What I do know is that some four months ago Mario came to the conclusion that in order to go forward with his life, he had to leave Stateway. He had to find somewhere else to live. His presence strained his grandmother’s household. Daily life was full of frustrations for him, as he tried to navigate through a built environment that didn’t acknowledge the existence of people in chairs. Above all, he didn’t feel safe. He felt vulnerable. On a couple of occasions, in the course of heated arguments, others he thought were his friends tipped him out of his chair on to the ground.
“I’m like a sitting bird,” he said. “A bird in a nest.”
Once he decided that his survival depended on moving out, Mario was relentlessly focused on his goal. He sent out a dozen applications. And he pressed his NCC colleagues to help him. It took me a while to grasp his sense of urgency, but he made sure that I did—he insisted that I hear him.
While Mario went through channels, I pulled strings. I appealed to a wide array of friends and associates for help in finding him an apartment. Among others, I sought the help of resident leadership (Francine Washington of the Stateway resident council), on-site service providers (The CARA Program), CHA senior staff (Isabel Blanco, Chief of Programs, Holly Holzer of her staff, and through them, the Mayor’s Office for People With Disabilities), and foundation executives (Eleanor Peterson, former director of Donor’s Forum, and Sunny Fischer of the Richard H. Driehaus Foundation). Howard Stanback of the Davis Group, a member of the Stateway development team, referred us to Featherfist, a supportive housing organization based in South Shore. Melanie Anewishki and Araina Brown, executive director and assistant director of Featherfist, each came down to Stateway to meet Mario. They in turn put us in touch with Marina Carrott of the Renaissance Companies, a real estate firm with an inventory of subsidized units, who also came to Stateway and met with Mario.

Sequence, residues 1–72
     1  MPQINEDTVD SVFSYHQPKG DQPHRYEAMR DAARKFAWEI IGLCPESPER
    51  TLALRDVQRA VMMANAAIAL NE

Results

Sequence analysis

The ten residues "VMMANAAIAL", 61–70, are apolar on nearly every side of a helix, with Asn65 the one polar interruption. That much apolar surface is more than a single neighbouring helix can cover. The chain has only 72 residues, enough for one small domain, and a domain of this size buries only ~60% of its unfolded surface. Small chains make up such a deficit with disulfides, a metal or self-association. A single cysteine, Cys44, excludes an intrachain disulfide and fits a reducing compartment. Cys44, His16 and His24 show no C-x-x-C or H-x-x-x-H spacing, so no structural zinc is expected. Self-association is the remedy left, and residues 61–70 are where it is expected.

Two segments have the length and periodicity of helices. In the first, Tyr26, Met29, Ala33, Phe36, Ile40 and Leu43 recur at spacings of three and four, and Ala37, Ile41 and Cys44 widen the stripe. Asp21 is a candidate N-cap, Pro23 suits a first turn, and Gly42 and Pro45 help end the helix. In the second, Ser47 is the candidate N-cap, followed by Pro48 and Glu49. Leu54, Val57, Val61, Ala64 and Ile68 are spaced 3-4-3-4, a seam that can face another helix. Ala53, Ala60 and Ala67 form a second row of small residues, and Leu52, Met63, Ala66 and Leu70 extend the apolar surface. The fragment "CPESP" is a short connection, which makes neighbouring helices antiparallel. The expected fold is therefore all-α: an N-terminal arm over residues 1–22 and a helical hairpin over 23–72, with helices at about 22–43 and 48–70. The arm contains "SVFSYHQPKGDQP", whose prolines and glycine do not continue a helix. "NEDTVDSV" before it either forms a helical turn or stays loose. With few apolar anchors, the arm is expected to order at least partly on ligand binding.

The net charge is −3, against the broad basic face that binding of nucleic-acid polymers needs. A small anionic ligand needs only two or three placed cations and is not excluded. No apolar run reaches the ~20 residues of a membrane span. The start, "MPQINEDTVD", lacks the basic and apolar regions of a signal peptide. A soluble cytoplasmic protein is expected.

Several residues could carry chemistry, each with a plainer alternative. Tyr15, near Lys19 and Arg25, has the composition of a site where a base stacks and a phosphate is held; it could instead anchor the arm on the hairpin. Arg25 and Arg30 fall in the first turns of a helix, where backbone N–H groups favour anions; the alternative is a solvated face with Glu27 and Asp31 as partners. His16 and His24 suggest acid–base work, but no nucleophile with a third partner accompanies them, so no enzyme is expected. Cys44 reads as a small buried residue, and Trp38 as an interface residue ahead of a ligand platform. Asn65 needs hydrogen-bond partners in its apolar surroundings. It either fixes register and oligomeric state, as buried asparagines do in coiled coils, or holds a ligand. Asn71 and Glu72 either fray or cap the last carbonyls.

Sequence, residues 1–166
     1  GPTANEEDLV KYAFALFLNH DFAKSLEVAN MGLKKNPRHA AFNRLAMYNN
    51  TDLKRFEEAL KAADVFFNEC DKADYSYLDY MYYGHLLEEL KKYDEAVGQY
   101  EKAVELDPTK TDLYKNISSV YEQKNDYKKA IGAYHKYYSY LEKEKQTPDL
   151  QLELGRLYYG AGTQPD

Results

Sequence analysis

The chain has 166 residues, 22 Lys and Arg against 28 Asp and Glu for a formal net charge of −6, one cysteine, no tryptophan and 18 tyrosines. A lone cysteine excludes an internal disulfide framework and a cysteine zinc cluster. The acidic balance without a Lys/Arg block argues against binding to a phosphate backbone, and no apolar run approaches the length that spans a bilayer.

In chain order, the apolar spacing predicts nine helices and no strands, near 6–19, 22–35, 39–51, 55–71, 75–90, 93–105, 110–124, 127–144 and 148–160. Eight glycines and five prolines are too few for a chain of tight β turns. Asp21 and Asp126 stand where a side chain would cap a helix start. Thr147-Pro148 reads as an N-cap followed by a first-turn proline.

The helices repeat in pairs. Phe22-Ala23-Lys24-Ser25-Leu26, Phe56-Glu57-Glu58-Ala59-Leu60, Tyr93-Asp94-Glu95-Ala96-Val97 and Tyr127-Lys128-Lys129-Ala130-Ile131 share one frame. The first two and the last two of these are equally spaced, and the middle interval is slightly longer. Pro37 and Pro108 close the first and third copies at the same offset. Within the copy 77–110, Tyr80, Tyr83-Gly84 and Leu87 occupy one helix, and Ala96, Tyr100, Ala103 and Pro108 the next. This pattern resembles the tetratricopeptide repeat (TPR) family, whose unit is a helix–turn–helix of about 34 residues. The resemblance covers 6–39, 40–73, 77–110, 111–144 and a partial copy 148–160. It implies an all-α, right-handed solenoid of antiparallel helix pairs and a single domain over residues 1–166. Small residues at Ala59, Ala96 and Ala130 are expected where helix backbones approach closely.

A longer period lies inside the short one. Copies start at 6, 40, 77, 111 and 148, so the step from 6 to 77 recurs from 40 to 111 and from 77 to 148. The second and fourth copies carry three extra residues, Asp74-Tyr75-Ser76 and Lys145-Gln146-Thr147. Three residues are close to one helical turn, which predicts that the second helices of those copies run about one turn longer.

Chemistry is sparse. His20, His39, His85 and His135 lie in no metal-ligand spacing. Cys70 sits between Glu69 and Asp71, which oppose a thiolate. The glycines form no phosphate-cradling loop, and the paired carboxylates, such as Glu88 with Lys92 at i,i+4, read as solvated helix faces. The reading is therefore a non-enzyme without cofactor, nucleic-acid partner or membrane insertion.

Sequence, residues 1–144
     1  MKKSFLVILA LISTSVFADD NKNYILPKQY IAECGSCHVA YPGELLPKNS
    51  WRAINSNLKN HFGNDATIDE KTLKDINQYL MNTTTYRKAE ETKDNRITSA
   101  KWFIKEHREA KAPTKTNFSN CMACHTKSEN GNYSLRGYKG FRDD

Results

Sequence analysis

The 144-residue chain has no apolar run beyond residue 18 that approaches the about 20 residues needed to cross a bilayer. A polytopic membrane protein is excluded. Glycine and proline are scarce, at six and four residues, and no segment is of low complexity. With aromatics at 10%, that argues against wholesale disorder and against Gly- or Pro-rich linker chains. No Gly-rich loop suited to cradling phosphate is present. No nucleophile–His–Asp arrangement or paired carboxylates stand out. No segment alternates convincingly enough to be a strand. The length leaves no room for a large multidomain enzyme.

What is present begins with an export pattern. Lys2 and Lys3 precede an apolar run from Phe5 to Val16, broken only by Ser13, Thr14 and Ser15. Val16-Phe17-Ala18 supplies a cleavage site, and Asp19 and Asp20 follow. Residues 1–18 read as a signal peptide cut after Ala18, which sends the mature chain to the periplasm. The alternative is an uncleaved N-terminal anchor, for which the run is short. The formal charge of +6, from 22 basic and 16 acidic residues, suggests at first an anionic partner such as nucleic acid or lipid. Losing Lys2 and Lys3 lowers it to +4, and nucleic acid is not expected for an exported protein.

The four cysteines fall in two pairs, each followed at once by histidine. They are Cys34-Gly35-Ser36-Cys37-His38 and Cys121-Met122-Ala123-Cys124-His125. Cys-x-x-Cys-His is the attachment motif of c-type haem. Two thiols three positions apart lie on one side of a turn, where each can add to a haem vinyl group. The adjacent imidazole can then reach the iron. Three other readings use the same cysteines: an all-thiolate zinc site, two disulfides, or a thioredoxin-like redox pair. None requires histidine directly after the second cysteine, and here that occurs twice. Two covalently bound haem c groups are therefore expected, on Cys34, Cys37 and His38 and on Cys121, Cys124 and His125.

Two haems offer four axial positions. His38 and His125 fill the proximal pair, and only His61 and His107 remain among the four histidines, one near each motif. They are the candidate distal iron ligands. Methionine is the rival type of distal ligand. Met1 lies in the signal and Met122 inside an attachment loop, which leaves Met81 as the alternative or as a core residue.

I mention these names in order to make a point. Everyone we contacted was responsive and sought to help. Some made exceptional efforts. Mario sustained a fierce sense of focus and was highly effective on his own behalf. He made a strong, positive impression on those who came to take his measure. Yet despite these promising ingredients, the process stalled, for we ran up against the issue of Mario’s criminal record. This proved a far greater impediment to finding housing than his handicap.
Consider the question from the perspective of a property manager who, on the basis of limited information, must assess what kind of a tenant an applicant would be. How can he be expected to look past a criminal background check that discloses multiple arrests for drug activity and assault? What kinds of countervailing information would be sufficient to offset such a record? Why should he be the one to take a chance—to gamble on the possibility that the individual has changed?